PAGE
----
Galloway, A., Brucker-Cohen, J., Gaye, L., Goodman, E. and Hill, D. 2004. Design for Hackability. In Proc DIS ’04: 363-366.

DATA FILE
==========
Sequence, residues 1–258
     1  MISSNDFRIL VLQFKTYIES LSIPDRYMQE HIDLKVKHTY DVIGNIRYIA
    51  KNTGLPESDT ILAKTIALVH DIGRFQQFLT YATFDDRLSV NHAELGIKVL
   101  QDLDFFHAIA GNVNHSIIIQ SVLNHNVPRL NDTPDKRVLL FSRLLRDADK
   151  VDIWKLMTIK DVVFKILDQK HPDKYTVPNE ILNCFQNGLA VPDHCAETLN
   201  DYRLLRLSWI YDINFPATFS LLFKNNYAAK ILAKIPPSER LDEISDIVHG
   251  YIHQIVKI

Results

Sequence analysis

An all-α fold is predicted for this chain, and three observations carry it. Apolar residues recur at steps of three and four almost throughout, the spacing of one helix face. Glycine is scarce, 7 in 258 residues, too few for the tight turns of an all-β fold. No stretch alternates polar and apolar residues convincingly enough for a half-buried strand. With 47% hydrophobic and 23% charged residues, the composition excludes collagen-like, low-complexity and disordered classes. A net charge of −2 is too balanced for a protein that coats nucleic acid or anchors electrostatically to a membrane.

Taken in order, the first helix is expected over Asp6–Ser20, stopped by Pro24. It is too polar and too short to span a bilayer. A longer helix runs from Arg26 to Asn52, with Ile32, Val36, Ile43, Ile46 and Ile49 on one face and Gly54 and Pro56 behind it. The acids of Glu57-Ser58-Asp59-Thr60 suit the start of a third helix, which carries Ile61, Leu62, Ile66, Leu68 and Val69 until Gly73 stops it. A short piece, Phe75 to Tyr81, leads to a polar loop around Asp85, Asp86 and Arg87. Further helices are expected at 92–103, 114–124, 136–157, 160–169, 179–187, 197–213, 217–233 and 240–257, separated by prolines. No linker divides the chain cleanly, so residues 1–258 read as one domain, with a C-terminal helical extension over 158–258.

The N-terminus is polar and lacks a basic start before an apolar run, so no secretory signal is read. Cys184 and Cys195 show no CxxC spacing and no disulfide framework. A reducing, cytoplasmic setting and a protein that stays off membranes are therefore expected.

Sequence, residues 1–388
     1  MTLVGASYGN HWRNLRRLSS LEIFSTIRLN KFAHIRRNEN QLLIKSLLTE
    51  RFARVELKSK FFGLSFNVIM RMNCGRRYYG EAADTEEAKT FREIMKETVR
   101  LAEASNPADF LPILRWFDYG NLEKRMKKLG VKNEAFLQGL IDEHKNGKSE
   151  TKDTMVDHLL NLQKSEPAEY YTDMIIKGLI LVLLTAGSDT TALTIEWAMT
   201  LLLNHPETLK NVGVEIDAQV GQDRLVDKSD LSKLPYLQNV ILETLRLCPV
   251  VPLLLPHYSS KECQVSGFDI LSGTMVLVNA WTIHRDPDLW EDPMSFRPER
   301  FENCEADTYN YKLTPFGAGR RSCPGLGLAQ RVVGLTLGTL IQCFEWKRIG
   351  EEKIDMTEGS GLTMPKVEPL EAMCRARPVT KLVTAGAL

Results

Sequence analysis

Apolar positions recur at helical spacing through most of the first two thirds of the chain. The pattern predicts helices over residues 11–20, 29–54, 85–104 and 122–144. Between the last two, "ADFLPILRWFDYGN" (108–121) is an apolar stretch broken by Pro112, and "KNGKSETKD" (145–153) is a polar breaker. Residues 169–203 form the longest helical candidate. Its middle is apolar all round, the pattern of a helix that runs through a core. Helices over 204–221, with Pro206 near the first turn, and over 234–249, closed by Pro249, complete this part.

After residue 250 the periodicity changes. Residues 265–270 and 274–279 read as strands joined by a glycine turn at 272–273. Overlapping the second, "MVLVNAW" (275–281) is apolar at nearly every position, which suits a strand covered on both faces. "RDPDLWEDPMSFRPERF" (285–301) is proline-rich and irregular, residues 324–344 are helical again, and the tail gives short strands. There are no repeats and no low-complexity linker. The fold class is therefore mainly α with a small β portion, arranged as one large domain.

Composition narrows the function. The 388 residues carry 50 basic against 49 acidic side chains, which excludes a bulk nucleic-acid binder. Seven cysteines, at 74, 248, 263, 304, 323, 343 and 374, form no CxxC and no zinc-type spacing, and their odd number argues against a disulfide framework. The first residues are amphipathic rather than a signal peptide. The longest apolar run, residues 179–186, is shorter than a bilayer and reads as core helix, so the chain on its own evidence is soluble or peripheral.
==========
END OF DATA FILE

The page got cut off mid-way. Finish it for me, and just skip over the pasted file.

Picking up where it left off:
Design for hackability encourages designers and non-designers to critically and creatively explore interactivity, technology and media – to reclaim authorship and ownership of technologies and the social and cultural worlds in which we live. Hackability implies more than customization or adaptation – it calls for redefinition. In a world where technologies are increasingly mobile and invisible, designing for hackability means allowing and encouraging people to make technologies be what they want them to be. It cultivates reciprocity between users and designers and supports transparency and graceful responses to unanticipated uses. Before entering into a broader discussion with the audience, panelists will discuss tensions between people and artifacts, technology and play, the creative use of readily available resources, subverting traditional functions and uses of networks, and the everyday realities of corporate design practice. These discussions will be used to generate a design for hackability manifesto to guide further explorations in designing interactive systems.